Even the greatest of sports superstars has to retire eventually, and Contributor Paul Mecurio thinks he's just seen one of the classiest examples yet of just how it should be done:
Something truly remarkable happened this past week.
Five-time NBA champion and two-time league MVP Tim Duncan, of the San Antonio Spurs, retired after 19 seasons with one team.
The best power forward to ever play the game.
And so you know I'm objective, this pains me to say, since I am a die-hard Boston Celtics fan and there was a certain other forward who wasn't chopped liver ... What was remarkable was not the fact Tim Duncan retired, but the way in which he retired, and how emblematic that is of the type of player and man he is.
He announced his retirement on a cell phone in what looks like his mom's dining room! In a T-shirt! Tim, c'mon, would a suit and tie kill ya?
No over-the-top press conference, no parade of unneeded retirement gifts, no Kobe-esque six-month, self-coronation retirement tour around the NBA. Just a cell phone and a mic.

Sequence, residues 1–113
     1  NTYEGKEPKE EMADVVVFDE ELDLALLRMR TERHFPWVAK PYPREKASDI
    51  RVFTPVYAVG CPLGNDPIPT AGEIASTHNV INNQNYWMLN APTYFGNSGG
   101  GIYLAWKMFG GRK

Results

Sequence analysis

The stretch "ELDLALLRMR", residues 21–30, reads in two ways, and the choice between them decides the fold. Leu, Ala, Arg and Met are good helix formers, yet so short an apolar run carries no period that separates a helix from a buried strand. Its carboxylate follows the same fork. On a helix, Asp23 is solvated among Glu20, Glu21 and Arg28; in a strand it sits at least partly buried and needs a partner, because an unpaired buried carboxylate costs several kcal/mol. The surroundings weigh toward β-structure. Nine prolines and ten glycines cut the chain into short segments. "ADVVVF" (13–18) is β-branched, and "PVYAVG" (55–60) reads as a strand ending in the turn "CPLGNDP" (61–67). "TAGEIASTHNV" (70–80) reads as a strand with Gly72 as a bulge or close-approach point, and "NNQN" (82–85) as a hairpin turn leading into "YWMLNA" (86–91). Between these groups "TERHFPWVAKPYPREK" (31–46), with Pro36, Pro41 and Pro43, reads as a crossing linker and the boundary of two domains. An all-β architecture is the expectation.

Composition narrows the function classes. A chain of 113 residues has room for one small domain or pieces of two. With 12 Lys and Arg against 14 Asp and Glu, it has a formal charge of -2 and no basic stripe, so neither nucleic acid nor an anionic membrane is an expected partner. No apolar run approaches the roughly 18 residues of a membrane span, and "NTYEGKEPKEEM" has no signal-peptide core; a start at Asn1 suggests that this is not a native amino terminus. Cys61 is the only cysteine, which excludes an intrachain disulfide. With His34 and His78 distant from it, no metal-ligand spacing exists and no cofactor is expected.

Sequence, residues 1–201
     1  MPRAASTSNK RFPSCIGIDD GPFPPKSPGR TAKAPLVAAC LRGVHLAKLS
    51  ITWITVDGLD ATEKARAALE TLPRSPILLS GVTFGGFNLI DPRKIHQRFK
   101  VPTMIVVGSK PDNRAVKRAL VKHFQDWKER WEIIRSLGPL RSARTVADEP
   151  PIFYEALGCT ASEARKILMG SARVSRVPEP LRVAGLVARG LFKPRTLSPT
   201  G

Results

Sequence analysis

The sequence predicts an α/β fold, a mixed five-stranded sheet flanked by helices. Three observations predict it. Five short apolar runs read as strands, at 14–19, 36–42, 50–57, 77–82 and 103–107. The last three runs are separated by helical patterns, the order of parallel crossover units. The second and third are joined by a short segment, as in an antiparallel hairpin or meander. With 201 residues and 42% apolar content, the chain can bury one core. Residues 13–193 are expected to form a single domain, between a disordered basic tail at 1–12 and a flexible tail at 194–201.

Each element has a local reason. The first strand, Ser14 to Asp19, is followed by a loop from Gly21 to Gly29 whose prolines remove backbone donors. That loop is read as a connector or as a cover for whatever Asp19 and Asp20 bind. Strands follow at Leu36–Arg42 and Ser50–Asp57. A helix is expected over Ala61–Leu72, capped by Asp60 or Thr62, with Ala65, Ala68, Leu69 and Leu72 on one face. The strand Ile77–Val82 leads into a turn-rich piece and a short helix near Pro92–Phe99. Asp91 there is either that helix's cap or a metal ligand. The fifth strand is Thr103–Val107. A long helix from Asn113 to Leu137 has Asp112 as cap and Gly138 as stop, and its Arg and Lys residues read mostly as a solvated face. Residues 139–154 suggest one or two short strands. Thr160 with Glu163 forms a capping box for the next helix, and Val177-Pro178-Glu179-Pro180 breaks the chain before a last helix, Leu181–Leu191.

And did you catch why he retired? It "wasn't fun anymore." Fun!? Tim, have you been transported here from another time? Modern era, big-time sports isn't about "fun"; it's about sneaker deals, unrestrained bad behavior, and Twitter followers.
And that is what is truly remarkable about Tim Duncan. He's a throwback to a by-gone era, when players didn't care about any of that stuff. They put team ahead of self, and were interested in quietly being great at their vocation through an incredible work ethic, with none of the fanfare or narcissistic behavior we see in so many athletes today.
My son loves sports; sports has a big affect in shaping him. I can say Tim Duncan is the man I'd love my son to emulate ... off the court that is. (My kid is 5'6" with no signs of growing, so I don't think he's going to be winning dunk contests any time soon.)
Yes, Tim Duncan might be the last of his breed. Incredibly hard working, dedicated, ego-less, principled.
In a word ... remarkable.
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